The key determinant of whether the market is bull or bear is the long-term trend, not just the market's immediate reaction to a particular event. Small movements only symbolize a short-term trend or a market modification. Evidently, the length of the time period that you are screening will determine whether you see a bull or bear market.

Take for an example, the last two weeks could have shown the market to be bullish while the last two years may have displayed a bearish tendency. Thus, most have the same opinion that a decided U-turn in the market should be ascertained by the degree of the change: if multiple indexes have changed by at least 15-20%, investors can be quite certain the market has taken a different path. If the new trend does prolong, it is for the reason that investors perceive a changes in both market and economic conditions and are thus making decisions accordingly. Not all long behavior in the market can be characterized as bull or bear. Rarely a market may go through a period of stagnation as it tries to find pathway. In this case, a series of up and downward actions would actually cancel-out gains and losses resulting in a flat market trend.

What to Do?

In a bull market, the idyllic thing for an investor to do is take advantage of rising prices by buying early in the trend and then selling them when they have reached their max out. (Of course, determining accurately when the bottom and the peak will occur is impossible.) On the whole, when investors have a leaning to believe that the market will rise (thus being bullish); they are more expected to make profits in a bull market. As prices are on the climb, any losses should be minor and temporary. During the bull market, an investor can enthusiastically and confidently invest in more equity with a higher probability of making a return.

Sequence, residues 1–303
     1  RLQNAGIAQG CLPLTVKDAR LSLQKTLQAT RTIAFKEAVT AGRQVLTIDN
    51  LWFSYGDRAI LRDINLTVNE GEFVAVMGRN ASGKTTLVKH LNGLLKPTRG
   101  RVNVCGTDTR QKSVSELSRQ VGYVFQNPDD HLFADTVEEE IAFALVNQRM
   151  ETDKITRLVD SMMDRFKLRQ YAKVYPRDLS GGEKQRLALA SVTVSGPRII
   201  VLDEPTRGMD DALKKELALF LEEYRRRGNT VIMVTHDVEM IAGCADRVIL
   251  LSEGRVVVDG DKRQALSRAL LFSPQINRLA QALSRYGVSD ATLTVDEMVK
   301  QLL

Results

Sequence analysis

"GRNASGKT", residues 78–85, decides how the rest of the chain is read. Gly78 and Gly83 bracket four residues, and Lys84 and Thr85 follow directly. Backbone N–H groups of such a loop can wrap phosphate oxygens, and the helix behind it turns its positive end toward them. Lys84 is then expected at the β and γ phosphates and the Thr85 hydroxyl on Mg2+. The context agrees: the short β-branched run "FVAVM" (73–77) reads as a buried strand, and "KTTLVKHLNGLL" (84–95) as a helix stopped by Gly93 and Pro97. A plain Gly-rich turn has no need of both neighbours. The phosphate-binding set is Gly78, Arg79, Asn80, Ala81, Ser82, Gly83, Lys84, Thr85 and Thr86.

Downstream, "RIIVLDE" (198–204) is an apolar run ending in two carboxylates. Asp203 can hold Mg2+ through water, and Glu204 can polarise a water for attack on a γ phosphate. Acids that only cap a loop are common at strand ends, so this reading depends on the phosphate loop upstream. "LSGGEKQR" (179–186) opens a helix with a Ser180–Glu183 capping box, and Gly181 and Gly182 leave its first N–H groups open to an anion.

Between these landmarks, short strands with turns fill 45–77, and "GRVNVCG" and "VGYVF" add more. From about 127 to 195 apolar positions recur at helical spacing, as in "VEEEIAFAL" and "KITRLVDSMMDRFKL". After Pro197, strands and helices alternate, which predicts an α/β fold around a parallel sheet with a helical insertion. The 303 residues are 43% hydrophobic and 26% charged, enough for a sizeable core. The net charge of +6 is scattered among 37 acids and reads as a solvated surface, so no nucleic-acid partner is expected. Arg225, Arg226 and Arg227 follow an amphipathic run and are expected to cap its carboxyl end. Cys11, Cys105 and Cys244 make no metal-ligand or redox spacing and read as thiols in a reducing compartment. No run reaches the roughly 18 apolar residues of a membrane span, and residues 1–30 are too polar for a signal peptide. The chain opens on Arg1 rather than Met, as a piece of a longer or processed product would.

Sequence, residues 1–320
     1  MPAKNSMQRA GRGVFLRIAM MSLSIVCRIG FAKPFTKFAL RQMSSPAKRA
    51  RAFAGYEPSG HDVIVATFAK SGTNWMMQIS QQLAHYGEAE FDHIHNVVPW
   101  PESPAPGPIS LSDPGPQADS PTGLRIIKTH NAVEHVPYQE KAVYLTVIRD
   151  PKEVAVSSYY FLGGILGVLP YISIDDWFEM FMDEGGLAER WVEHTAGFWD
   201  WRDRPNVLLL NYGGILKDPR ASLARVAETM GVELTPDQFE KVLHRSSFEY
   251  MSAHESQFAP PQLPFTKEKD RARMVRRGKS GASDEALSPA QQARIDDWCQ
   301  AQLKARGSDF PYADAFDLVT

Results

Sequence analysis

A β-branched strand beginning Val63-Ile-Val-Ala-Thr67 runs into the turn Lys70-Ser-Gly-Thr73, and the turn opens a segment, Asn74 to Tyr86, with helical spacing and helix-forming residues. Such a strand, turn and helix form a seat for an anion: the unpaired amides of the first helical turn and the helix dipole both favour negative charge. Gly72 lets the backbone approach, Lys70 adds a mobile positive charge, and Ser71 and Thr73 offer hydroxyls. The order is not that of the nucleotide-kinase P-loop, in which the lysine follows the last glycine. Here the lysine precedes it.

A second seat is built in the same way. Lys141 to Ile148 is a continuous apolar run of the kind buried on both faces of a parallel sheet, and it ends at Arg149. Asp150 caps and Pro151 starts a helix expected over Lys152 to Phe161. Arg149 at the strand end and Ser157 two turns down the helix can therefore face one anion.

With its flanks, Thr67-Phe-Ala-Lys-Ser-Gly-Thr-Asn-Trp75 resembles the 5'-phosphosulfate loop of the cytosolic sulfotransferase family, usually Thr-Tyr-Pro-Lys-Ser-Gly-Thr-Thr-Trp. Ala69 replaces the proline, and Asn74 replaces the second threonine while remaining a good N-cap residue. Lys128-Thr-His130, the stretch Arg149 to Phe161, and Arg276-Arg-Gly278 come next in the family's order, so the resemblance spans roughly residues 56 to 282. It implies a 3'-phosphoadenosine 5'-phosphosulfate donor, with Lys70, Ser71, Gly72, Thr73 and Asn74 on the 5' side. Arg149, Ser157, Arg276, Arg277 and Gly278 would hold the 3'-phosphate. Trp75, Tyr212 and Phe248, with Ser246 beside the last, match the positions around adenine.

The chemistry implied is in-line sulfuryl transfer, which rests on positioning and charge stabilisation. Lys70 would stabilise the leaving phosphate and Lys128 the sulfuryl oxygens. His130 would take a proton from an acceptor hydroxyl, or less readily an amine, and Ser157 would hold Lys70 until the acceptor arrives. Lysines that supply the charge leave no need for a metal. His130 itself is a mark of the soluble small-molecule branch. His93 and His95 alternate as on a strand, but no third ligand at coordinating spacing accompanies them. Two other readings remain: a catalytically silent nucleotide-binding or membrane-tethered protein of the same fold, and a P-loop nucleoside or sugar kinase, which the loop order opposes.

In a bear market, though, the chance of losses is greater because prices are continually losing value and the end is not often in picture. Even if you do make a decision to invest with the hope of an improvement, you are likely to take a loss before any turnaround occurs. Thus, most of the effectiveness will be found in short selling or safer investments such as fixed-income securities. An investor may also turn to defensive stocks, whose performances are only minimally affected by altering trends in the market and are therefore stable in both economic recession and boom. These are industries such as utilities, which are regularly owned by the government and are necessities that people buy despite the consequences of the economic condition.


There is no certain way to predict market trends, so investors should invest their money based on the class of the investments. At the same time, nevertheless, you should have an understanding of long-term market trends from a past perspective. For the reason that both bear and bull markets will have a large influence over your investments, do take the time to decide what the market is doing when you are making an investment decision. Keep in mind though, in the long term, the market has posted a positive return.